‘Enough is enough’: At parents’ urging, some La Jolla Elementary School students unmask in class
To hammer home their displeasure with the continued indoor mask mandate in public schools, a few La Jolla Elementary School parents had their children unmask Feb. 17 and refuse to comply with the policy.
The protest was organized by La Jollan Jeff Holman in response to the state’s announcement this week that schoolchildren will have to stay masked indoors until at least Monday, Feb. 28.
The San Diego Unified School District, which operates the five public schools in La Jolla, lifted its outdoor mask mandate effective Feb. 16 but said masks still would be required indoors at schools at least until the end of the month.
Meanwhile, the state this week changed its mask rule for the general public to allow people who are vaccinated against COVID-19 to be unmasked indoors in most public places, except for settings such as hospitals, nursing homes and public transportation.
Holman used social media posts and emails to fellow La Jolla Elementary parents to encourage them to have their children remove their masks at 1:30 p.m. Feb. 17 and refuse to put them back on when instructed.
“If they face disciplinary action, so be it,” Holman’s message said. “Please join us in standing up to end this unfair continuation of a nonsensical policy that harms our children.”
“Enough is enough,” Holman told the La Jolla Light. “People are just done, and this ‘two more weeks’ … we’ve been hearing that for two years now.”
The social networking site Nextdoor later deleted Holman’s post and notified him that the post “was determined to be a violation of our community guidelines on our coronavirus misinformation policy.”
Holman said his second-grade son and fifth-grade daughter participated in the protest, along with another student. The three children were taken to the school office and asked to sit outside to finish their schoolwork. They were dismissed normally at the end of the school day.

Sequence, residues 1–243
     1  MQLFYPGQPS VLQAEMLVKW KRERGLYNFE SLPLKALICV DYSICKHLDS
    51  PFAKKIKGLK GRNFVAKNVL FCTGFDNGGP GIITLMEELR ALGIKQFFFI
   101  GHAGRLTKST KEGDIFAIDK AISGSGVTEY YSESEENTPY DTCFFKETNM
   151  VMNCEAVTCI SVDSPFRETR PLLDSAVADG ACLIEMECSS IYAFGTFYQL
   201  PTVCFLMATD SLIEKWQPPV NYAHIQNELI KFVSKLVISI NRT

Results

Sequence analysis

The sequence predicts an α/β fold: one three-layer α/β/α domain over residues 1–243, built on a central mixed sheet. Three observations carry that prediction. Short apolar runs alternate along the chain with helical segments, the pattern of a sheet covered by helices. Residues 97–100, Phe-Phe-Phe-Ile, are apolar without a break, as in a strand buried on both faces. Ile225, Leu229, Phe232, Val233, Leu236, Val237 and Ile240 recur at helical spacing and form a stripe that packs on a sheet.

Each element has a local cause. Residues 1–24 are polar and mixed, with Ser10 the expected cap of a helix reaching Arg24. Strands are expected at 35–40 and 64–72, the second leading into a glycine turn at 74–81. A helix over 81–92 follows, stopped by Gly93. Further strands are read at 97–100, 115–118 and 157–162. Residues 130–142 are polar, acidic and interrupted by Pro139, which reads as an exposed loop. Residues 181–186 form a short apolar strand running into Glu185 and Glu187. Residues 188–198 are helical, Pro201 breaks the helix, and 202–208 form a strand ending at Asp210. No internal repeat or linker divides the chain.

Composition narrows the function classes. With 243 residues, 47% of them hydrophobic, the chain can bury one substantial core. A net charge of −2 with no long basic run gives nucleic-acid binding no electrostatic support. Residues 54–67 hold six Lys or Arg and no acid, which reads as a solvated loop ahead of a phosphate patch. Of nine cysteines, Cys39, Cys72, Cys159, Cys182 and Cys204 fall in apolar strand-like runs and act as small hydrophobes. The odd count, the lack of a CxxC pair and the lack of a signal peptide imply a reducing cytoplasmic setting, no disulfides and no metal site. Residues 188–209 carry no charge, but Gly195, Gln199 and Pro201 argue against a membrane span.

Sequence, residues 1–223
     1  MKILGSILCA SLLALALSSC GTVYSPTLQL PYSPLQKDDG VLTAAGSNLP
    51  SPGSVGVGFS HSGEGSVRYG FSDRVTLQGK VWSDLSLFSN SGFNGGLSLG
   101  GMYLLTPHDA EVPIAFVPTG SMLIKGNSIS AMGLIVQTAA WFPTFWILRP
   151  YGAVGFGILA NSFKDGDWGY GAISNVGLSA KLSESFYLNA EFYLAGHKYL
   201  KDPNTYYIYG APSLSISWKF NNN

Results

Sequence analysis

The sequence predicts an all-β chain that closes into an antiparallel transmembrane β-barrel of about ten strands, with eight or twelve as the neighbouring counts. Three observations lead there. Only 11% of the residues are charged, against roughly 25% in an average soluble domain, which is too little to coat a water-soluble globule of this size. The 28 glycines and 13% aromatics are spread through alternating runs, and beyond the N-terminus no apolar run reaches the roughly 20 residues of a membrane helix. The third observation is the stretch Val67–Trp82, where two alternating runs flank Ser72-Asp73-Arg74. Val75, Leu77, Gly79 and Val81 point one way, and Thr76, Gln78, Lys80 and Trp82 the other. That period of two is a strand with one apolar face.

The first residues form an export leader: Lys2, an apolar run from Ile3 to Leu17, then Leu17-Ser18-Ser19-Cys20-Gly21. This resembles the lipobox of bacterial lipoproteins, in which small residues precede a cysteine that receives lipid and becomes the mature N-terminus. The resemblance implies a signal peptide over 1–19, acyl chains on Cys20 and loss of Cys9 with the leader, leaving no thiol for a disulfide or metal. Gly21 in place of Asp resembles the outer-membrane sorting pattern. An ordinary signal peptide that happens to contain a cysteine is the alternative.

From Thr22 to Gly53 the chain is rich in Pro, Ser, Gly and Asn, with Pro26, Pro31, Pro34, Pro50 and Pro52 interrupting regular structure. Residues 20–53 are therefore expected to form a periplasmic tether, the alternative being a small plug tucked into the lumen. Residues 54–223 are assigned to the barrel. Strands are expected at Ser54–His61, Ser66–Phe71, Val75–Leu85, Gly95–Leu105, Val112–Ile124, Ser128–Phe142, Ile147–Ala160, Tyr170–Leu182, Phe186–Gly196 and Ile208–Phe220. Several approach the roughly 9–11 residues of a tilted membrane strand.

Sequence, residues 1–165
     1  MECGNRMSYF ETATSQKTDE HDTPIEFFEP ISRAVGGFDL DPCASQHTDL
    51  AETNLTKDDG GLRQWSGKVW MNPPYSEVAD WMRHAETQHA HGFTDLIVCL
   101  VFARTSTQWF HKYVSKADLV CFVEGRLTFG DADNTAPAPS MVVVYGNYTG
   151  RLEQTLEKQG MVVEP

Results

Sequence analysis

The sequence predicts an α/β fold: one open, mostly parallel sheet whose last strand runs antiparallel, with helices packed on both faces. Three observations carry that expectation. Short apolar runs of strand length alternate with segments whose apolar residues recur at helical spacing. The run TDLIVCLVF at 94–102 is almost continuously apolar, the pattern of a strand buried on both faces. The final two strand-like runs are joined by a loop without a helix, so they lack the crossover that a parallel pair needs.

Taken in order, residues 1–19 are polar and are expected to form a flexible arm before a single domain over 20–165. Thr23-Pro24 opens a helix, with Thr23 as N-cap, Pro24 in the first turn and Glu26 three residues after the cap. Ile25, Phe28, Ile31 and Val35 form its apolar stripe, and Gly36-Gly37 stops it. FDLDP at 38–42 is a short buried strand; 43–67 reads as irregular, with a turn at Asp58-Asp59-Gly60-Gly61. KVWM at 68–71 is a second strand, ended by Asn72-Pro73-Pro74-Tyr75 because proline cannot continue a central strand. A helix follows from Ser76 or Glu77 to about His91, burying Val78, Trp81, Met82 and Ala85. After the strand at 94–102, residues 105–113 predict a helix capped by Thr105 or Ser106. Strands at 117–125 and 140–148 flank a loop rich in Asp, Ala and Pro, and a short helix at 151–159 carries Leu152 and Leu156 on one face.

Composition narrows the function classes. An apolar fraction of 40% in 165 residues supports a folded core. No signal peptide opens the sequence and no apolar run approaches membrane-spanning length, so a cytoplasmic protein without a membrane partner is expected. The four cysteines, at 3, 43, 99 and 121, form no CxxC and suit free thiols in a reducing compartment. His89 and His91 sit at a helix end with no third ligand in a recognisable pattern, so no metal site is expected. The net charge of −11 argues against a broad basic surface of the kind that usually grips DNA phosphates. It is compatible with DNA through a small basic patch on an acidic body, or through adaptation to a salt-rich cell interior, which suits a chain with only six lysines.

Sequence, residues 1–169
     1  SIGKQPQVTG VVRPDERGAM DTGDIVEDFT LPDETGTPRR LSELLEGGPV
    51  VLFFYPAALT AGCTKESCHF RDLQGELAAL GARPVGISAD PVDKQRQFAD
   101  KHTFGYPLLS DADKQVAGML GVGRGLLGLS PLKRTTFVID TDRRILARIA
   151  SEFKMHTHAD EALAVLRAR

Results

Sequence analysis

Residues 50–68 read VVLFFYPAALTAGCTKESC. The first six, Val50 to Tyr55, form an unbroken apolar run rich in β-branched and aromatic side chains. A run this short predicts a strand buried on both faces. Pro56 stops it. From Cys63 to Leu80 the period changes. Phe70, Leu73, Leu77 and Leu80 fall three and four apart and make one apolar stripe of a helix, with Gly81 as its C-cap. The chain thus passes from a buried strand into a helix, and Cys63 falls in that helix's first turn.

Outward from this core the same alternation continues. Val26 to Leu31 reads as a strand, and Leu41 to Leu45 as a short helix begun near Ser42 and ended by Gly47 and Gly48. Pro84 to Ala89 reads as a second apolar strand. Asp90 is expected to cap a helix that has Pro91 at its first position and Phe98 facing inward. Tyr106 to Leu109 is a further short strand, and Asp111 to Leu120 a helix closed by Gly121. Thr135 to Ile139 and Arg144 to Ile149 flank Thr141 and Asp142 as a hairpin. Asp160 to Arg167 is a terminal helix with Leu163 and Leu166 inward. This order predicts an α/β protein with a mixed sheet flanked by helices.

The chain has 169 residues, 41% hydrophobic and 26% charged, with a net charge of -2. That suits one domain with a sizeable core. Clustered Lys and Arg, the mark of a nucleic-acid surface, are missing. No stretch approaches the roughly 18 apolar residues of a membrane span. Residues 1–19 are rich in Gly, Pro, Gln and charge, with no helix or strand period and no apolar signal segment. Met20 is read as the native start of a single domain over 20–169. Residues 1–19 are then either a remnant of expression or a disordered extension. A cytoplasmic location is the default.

Holman’s daughter said she felt “it was important for me to participate in this because … adults didn’t have to wear their masks in their workspaces but children still have to in school.”
She said the disparity “doesn’t make any logical sense to me because children are less affected by COVID than adults.”
She said she was originally conflicted about participating, but ultimately feels “like I did the right thing. … I’m really proud of myself.”
LJES Principal Stephanie Hasselbrink said she was unable to confirm how many students participated but added that she’s “concerned that our students and staff are being put in the middle of an issue that has nothing to do with our mission of educating our students.”
“Like all schools in San Diego Unified, La Jolla Elementary follows the California Department of Public Health’s guidance for K-12 schools, which requires all individuals to be masked while indoors in a school setting,” Hasslebrink said.
She said LJES staff provides its students “with a supportive, loving environment. I have never seen a team that cares more about children and families.”
Holman said he had expected his kids to face disciplinary action for the “willful disobedience,” but later he was unsure whether any action would be taken.
According to San Diego Unified spokesman Mike Murad, all parents signed a form at the beginning of the school year acknowledging that “by selecting onsite instruction, parents/guardians and students are committing to abide by the current public health orders, requirements, rules, regulations and guidelines directed by the California Department of Public Health, San Diego County Public Health Department, the district and other government authorities to reduce the spread of the COVID-19 virus.”
Students who do not follow the mask mandate are to be sent home, according to the agreement. Murad was unable to immediately answer whether disciplinary action would follow.
Parents who oppose the mask mandate can transition their children to independent study off campus, Hasselbrink said.
Candace Barry, whose two sons attend LJES in second and fourth grades, said she instructed her children to participate in the unmasking protest because “our children have been the least affected by this pandemic since the very, very beginning. So how is it that they are the only ones who are still being mandated to cover their faces?”
Her sons ultimately did not participate, she said. One was outdoors in P.E. class at the time and the other chose at the last minute not to take part.
District officials and parents who support the mandate say it helps slow the spread of the coronavirus and thus helps keep schools open for in-person instruction.
But Holman said it’s “shameful that we’ve collectively tolerated” mask mandates for so long. “Our children will ask us in 10 years how we could have been so apathetic,” he said.
Holman said he will keep his children in school and not opt for independent study, though he hopes protests like this “will be enough to get the state to act.” ◆
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